The entire series is apparently being dusted off and released as a collected volume or volumes. Don’t buy it. The story is a flat line and the art is even deader…I’ve said this before: leave the 90’s alone. If it sucked then, it sucks even more now. I hated it so much that even though it was free I still feel ripped off.
Writer: William Christensen
Artwork: Omar Francia
Reviewer: Will Dubbeld
Bodie Troll/Drone/Creature Academy
Writers: Jay Fosgitt, Scott Chitwood, Kevin Konrad Hanna, David Fagan
Art: Jay Fosgitt, Randy Kintz, Kevin Konrad Hanna, Erich Owen, Grant Bond, Mirana Revier
Publisher: Red 5 Comics
From the studio that brought you Atomic Robo comes Bodie Troll! Whereas Atomic Robo is a superscience, fringe-steampunk action book, Bodie Troll is a cartoonish fantasy romp featuring a cuddly looking bridge troll that bums around a tavern called The Drunken Pumpkin that is managed by a fairy godmother.
I love this book.
Bodie Troll is full of hijinx and family friendly shenanigans worthy of a Saturday morning cartoon, if there still were Saturday morning cartoons. This particular story featured Bodie Troll on an errand to buy more cider for the Drunken Pumpkin only to get drunk on root beer and get married to the brewers daughter in a wedding officiated by a stuffed animal.
Super fun, you guys.
The other two stories in the book were less engaging. Drone is a sci-fi story about a counter-terrorist team composed of remote piloted military androids. The story and art were okay, and it did feature a terrorist goat so it had that going for it. Creature Academy appears to be another variation on the Tim Hunter/Harry Potter/Anakin Skywalker theme of "magic prodigy child is the chosen one", which is played out as far as I'm concerned.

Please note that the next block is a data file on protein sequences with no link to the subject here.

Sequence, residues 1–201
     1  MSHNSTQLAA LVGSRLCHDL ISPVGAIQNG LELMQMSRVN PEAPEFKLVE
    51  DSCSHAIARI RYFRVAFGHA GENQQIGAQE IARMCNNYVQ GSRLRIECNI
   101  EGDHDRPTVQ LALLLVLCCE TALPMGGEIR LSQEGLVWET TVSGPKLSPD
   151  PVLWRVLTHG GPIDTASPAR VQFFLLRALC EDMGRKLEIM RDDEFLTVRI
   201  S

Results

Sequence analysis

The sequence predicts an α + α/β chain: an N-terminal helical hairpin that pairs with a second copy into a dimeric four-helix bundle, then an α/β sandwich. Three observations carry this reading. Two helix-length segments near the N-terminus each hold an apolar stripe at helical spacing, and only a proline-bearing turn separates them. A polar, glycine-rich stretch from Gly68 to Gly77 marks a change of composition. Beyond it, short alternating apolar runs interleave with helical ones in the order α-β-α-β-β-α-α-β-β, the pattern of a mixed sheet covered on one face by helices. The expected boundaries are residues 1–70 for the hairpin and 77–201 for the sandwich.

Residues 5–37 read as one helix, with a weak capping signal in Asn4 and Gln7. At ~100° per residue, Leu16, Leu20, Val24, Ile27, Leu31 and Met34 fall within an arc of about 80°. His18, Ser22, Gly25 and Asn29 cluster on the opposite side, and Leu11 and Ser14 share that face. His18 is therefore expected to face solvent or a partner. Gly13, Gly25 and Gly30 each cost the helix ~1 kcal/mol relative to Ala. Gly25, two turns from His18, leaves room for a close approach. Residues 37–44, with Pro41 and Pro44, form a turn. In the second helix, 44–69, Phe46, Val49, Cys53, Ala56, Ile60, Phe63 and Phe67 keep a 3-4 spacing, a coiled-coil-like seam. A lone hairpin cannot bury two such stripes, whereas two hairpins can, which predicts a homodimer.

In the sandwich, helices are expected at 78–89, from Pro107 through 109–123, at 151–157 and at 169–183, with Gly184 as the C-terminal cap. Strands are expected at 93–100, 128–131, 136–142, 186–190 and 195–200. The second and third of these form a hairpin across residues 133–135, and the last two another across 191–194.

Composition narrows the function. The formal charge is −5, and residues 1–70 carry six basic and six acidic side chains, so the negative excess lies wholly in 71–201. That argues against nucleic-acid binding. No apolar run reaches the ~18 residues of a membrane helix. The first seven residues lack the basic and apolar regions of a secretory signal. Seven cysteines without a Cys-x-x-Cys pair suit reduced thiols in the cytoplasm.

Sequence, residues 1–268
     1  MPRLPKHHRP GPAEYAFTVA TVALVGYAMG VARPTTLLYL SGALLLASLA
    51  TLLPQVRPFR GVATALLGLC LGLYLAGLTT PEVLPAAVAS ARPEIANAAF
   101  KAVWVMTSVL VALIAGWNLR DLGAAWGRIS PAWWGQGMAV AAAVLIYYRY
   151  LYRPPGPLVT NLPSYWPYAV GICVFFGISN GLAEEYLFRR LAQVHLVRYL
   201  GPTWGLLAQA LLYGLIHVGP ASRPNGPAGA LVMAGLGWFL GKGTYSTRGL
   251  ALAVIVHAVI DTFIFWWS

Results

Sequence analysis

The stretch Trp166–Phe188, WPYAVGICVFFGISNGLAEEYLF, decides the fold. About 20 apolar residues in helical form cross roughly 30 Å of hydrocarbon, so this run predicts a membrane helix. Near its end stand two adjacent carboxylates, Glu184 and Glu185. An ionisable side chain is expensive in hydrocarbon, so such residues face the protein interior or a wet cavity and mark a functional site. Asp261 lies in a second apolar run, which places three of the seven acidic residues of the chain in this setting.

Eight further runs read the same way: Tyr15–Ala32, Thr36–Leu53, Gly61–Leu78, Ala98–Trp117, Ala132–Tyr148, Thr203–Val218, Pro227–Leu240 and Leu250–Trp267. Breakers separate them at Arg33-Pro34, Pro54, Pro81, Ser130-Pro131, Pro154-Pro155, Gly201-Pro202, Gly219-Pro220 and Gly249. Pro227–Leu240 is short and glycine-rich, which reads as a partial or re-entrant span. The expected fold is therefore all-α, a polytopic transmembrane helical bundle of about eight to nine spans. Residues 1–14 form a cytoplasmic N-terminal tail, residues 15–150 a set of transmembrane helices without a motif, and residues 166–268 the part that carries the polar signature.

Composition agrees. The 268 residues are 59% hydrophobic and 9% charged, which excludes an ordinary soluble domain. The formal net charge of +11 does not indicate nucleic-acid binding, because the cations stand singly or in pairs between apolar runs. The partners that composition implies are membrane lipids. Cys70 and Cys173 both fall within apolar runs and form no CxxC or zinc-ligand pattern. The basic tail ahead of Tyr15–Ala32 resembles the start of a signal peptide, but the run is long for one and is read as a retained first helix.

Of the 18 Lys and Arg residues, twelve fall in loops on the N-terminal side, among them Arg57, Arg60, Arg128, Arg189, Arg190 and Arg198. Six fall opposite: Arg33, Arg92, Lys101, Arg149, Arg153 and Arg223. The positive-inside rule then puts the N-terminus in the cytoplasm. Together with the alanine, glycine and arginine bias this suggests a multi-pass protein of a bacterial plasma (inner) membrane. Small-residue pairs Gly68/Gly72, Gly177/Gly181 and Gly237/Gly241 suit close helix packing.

The art on all three stories was great, and despite some of the lacking script content I enjoyed this sampler a great deal.
Script: Jeff McCelland, Benito Cereno
Art: Duane Redhead, Les McClaine
Regardless if you discovered The Tick via comic books, a swell cartoon, or an ill-fated live action television show, you love him.
If you don't, you're a terrible person and I'm no longer fond of you.
The 2015 Tick book featured 3 short stories, the first of which dealt with Tick and Arthur saving the city from a big toothy green creature with the help of a kazoo and the ghost of Ticks former sidekick, Roger.
The second story uncovered the mystery of what happened to The Tick at the bottom of pg. 19 in Tick #1.
I have not read Tick #1, but the series doesn't exactly make itself a slave to continuity and multipart sagas, so I was able to keep up.
Apparently Tick has passed out and the following pages chronicle the adventures of his unconscious body as it is used as a skateboard ramp, the ammunition for a uvula smacking device, and the extra body allowing a sinister commuter to use the carpool lane.
Tick awakens and mistakes himself for a choco taco; takes part in a hobo tea party, and finally end up somewhat cognizant of his surroundings in a subway tunnel.
Our final tale details the exploits of Tick and Arthur as they stand in line for the art museum only to be continually pulled away to battle rock-men, supervillains, tidal waves, the Greek god Zeus, and a monkey driving a tank.
As above, fantastic. I love inane superhero books like The Tick, Flaming Carrot, Madman, and Great Lakes Avengers, so this comic was certainly in my wheelhouse.
There you have it, folks. The HCBs assessment of some of the wonders Free Comic Book Day had to offer. I hope you enjoyed it, and if not, you get what you pay for.
We’ll see ya next year, kids!